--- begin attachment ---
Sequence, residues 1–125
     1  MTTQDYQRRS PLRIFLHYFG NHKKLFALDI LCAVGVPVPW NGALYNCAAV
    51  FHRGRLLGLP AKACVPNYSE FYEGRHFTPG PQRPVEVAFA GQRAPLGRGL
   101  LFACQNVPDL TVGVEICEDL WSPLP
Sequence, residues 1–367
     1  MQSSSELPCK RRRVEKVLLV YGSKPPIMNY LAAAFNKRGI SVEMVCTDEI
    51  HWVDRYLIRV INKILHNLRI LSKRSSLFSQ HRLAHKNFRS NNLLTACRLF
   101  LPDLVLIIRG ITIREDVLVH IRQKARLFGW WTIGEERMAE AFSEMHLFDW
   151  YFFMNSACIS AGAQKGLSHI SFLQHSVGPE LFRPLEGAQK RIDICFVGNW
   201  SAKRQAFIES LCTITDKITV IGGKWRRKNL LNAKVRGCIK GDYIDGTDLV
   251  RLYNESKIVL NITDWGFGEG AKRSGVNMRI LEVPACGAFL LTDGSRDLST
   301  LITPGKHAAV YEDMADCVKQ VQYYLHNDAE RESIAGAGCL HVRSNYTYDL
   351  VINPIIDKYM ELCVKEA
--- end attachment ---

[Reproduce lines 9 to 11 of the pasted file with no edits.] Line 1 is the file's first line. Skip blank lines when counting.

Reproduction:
   151  YFFMNSACIS AGAQKGLSHI SFLQHSVGPE LFRPLEGAQK RIDICFVGNW
   201  SAKRQAFIES LCTITDKITV IGGKWRRKNL LNAKVRGCIK GDYIDGTDLV
   251  RLYNESKIVL NITDWGFGEG AKRSGVNMRI LEVPACGAFL LTDGSRDLST